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Changing the Story of Funding for America's Schools
Frequently Asked Questions?
Fundraising for public schools or education foundations can be confusing. If you need answers, please review the most frequently asked questions below or contact us for more information.
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Q: How will OTMG be involved with my school or education foundation?
A: At a minimum, we will provide the strategy and implementation plan for your school or foundation to follow. If needed we will also customize an approach for managing the plan, which can include any number of possible scenarios and often includes a turn-key management solution.
Q. How much do OTMG services cost?
A: Our fees are scalable and are dependent on the size of the particular school or school system. For instance, the cost of material and mailing for one school with 20,000 records would be less than a mailing for an entire public school system. Additionally, our fees are dependent on the particular services provided. Fees for outsourced management services are always less than maintaining your own staff, technology, and office. Most importantly, the annual giving programs are self funded, meaning the total costs of running them is a fraction of the total money generated.
Q: How much should we expect to gain in revenues by establishing an annual giving program for our school?
A: As a rule of thumb, secondary schools have a greater capacity to attract charitable giving than elementary schools. In a typical, well-run high school annual fund, for example, if the school has alumni, parents, grandparents and friends totalling 15,000 or more, that school might expect to achieve results in the range of one million dollars each year.
Q: Do you recommend a school specific appeal or system wide annual giving appeal?
A: It is important to adopt a strategy that encompasses appropriate appeals targeted towards particular constituencies. While the corporate community will prefer one appeal to support all schools in a district, alumni and parents will clearly favor giving to the specific school that has directly impacted their lives.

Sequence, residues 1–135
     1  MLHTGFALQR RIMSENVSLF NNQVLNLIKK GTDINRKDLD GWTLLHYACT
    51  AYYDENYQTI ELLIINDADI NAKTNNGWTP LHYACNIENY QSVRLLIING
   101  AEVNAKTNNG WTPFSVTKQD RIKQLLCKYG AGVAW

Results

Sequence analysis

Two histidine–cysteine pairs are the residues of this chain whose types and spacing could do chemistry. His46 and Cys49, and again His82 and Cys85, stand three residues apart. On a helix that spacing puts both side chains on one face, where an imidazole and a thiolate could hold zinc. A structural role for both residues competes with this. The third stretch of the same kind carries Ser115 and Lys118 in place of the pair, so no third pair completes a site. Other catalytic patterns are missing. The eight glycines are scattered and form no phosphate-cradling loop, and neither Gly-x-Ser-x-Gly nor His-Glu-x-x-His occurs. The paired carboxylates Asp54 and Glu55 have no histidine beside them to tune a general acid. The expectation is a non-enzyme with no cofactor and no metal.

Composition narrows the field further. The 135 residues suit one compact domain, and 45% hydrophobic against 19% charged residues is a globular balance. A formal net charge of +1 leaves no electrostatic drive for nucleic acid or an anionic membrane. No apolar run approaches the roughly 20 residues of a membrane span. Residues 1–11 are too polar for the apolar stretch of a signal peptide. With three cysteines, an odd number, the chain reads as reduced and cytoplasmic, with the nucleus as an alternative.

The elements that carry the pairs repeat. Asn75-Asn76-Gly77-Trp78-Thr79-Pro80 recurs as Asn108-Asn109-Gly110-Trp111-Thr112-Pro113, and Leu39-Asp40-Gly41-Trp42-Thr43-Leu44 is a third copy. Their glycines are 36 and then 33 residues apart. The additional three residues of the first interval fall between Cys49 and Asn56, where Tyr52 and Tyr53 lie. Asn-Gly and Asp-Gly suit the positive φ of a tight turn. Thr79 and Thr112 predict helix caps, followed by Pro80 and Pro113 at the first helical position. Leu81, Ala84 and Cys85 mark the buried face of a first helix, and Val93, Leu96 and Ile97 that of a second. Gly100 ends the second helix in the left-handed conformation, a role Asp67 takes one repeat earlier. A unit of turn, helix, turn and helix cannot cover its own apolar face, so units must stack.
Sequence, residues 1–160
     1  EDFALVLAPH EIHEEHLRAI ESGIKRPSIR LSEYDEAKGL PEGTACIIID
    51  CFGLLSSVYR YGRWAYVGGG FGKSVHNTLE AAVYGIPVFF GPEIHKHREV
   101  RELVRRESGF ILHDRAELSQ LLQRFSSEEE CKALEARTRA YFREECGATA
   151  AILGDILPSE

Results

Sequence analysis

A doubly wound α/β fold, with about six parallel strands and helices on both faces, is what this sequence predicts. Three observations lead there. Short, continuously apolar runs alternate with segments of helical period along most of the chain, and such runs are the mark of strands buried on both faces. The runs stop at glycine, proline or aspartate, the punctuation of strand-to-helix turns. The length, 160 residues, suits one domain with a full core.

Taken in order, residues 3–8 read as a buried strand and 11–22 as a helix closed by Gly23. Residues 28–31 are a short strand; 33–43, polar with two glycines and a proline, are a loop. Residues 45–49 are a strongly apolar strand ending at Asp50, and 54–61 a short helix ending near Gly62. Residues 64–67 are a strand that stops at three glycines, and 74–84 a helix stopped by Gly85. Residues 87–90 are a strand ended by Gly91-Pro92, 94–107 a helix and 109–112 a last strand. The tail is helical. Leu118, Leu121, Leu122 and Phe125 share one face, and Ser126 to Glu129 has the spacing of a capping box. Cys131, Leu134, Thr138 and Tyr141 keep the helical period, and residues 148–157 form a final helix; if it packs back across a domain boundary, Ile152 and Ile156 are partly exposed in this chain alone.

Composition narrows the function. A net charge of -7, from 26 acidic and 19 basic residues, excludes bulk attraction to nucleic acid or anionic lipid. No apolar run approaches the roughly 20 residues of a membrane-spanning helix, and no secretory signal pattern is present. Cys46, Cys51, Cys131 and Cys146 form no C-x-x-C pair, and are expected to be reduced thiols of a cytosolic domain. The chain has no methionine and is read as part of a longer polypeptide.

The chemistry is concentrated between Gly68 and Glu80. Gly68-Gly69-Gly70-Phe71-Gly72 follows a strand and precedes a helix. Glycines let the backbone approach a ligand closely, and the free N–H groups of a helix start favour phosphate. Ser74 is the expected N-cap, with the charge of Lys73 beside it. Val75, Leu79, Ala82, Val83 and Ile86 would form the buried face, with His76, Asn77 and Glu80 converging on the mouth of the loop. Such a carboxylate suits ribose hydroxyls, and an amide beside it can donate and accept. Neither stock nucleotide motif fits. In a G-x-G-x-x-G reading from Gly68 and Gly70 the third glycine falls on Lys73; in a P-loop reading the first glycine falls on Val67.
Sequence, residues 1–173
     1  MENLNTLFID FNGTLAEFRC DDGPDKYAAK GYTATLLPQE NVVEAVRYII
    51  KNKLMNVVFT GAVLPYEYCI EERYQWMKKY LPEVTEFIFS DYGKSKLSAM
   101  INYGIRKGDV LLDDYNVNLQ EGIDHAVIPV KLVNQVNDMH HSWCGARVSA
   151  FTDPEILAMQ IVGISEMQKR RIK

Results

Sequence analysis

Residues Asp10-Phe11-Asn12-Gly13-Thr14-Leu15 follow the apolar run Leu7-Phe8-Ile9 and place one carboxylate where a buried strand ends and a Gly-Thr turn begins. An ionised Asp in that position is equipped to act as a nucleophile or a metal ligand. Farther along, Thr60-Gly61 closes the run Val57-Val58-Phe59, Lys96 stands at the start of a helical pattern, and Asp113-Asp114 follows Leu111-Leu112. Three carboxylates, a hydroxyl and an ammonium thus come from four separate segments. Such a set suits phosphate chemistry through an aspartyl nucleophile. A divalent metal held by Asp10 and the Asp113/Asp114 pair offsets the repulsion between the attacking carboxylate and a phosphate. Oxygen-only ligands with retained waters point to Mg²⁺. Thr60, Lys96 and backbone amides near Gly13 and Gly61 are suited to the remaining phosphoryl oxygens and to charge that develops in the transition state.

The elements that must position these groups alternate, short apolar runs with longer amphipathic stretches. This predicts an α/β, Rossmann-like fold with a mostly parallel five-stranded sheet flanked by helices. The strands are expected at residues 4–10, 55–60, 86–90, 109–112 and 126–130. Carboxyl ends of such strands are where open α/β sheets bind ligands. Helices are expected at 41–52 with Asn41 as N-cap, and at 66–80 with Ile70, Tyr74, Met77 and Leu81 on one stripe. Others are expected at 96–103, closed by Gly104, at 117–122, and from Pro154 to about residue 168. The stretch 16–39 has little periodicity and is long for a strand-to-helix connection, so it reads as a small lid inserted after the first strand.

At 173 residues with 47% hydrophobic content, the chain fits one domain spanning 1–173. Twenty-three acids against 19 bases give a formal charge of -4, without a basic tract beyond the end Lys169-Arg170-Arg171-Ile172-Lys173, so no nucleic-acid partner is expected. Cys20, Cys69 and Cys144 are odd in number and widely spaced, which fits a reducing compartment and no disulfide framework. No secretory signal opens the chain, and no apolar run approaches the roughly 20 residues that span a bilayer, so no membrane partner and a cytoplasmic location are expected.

Q: Can’t we achieve these same goals by focusing on an auction, golf outing, dinner, etc?
A: No. While there is an argument that favors the establishment of a signature fund raising event such as an auction, gala, or golf outing, such events will not maximize philanthropic giving. Working off of the fractional share of a dinner or golf ticket will always generate far less than a direct appeal to individuals to simply write a check in support of the school’s mission. Often the net revenue derived from a large event can be covered by one or two lead gifts in an annual giving campaign.
Q: Does a school have to have a foundation to raise private money?
A: No. However there are sound arguments in favor of the establishment of an independant education foundation which focuses on private funding for public schools. One of the most important reasons a school might wish to have a foundation is that the foundation, as a privately run 501(c)3 under the IRS tax code, is concerned first and foremost with its relationships to it's donors. A public school system on the other hand, as a tax funded institution, must be first and foremost concerned with the general taxpayer community. One example of a potential difference in perspective would be in the area of investment management. Taxpayers will prefer a very conservative approach to investing funds within the public school. In fact, the investment policy my be mandated by law. In contrast, an individual donor might advocate for a more aggressive investment strategy for his endowment fund than can be legally provided within the public school entity.